I would add the following. Students actually find the idea of oral transmission of traditions pretty straightforward to grasp. They are familiar with the telling of stories in our culture, jokes, anecdotes, urban legends, and they are often inclined to think intuitively that this sort of thing provides a good analogy to the transmission of early Christian traditions. What students find harder to grasp, in my experience, is the notion that the Gospels are related on a literary level, that there is a lot of copying going on. They need to be shown the texts and to see that at least two of the evangelists are involved in some pretty serious copying. Our culture disdains this kind of copying, and avoidance of plagiarism is now a huge issue in universities and colleges. Students are sometimes shocked when they see the extent of agreement in the Gospels because their guess, before doing any study, is that they are independent witnesses to traditional material. This is especially the case for churchgoers, for whom the Synoptic Problem is rarely, if ever, taught.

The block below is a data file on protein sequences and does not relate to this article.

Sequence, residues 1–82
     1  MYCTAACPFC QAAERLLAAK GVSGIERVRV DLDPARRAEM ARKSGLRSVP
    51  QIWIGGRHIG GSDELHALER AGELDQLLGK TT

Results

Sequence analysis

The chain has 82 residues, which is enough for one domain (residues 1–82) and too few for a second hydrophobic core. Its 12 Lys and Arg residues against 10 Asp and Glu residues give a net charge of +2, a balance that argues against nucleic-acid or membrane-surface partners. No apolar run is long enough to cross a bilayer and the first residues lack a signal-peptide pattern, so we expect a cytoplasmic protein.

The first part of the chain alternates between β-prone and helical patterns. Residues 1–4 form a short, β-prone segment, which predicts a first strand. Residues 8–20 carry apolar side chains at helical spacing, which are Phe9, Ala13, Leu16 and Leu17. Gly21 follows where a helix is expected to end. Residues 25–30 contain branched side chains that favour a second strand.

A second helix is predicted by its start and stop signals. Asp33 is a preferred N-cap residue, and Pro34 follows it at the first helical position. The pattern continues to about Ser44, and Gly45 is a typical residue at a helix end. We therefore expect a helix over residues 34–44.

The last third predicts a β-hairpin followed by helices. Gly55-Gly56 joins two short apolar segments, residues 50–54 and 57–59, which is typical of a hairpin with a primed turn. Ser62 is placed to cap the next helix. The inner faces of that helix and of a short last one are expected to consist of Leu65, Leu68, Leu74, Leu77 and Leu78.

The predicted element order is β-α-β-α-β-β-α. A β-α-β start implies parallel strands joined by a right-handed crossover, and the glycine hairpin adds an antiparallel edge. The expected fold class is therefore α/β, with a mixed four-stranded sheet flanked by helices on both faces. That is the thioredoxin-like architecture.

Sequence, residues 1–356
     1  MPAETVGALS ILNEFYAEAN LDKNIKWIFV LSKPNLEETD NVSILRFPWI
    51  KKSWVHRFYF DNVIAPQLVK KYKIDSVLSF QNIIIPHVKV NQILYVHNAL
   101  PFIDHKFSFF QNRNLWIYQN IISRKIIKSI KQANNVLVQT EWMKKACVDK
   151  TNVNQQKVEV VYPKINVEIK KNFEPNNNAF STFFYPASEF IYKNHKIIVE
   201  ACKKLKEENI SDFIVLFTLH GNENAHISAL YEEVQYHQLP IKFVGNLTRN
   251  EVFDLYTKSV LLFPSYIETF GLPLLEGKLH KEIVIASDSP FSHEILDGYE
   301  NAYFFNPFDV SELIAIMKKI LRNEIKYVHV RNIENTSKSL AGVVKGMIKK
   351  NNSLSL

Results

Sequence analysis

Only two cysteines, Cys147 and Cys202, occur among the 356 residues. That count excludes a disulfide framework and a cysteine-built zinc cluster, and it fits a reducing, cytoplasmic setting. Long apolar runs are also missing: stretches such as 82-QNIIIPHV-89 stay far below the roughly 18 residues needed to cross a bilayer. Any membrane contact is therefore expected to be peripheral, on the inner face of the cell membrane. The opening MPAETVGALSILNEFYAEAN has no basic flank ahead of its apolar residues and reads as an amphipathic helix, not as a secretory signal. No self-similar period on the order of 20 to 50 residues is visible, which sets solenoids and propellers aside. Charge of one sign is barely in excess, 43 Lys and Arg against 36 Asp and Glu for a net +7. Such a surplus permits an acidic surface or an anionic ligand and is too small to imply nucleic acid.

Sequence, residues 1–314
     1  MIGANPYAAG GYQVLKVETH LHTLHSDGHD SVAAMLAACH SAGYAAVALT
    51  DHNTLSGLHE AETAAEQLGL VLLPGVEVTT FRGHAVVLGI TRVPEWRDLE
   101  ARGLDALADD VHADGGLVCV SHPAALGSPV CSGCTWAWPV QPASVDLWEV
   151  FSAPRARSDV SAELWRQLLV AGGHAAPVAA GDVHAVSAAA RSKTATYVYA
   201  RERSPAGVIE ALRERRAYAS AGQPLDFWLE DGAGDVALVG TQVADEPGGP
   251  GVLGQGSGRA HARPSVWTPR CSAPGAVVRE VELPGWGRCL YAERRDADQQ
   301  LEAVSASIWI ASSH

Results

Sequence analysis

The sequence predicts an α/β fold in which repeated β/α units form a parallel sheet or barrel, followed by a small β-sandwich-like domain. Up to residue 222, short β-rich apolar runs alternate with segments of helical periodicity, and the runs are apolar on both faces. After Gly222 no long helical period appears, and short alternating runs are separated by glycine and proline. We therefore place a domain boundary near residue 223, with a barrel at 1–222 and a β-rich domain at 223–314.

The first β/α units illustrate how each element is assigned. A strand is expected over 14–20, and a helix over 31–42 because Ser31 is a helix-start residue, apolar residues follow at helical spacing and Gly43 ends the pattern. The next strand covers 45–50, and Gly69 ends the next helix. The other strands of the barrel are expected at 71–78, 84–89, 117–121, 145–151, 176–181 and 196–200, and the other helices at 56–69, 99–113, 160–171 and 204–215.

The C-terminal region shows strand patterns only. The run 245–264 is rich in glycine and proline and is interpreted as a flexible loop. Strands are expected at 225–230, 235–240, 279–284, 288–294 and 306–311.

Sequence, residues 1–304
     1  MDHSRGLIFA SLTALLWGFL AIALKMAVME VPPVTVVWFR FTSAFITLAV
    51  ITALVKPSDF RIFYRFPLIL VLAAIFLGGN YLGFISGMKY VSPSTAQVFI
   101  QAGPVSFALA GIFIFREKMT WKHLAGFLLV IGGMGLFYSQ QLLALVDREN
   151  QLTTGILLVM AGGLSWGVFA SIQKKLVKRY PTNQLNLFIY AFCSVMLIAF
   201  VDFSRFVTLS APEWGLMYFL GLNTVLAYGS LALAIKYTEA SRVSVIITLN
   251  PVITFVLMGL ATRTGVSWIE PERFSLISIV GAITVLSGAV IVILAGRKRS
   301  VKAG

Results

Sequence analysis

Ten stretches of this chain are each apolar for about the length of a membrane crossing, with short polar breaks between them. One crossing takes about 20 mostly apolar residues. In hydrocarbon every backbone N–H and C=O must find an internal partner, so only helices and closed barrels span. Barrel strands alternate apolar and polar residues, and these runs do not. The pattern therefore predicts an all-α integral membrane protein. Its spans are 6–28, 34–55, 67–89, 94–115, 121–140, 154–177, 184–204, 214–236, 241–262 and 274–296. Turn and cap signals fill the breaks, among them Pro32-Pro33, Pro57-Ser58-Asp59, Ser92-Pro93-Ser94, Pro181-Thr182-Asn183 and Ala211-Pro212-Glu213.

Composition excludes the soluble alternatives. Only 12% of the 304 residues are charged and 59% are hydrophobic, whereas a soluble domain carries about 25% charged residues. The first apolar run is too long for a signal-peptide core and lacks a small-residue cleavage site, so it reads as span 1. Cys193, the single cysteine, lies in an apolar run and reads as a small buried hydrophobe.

I noticed this year on my Historical Jesus course a related failure of some students to grasp the idea of "multiple attestation". In spite of some introduction to the key issues in Gospel criticism, some of the weaker students would still treat the appearance of material in all three Synoptic Gospels as "multiple attestation", imagining a model in which the Synoptics were independently relating traditional materials.
Teaching students about oral tradition is an important and challenging element in the teaching of Christian origins, but I doubt that playing Chinese whispers helps anyone to understand it well, not least given the much larger task of explaining the inter-relations of the Gospels.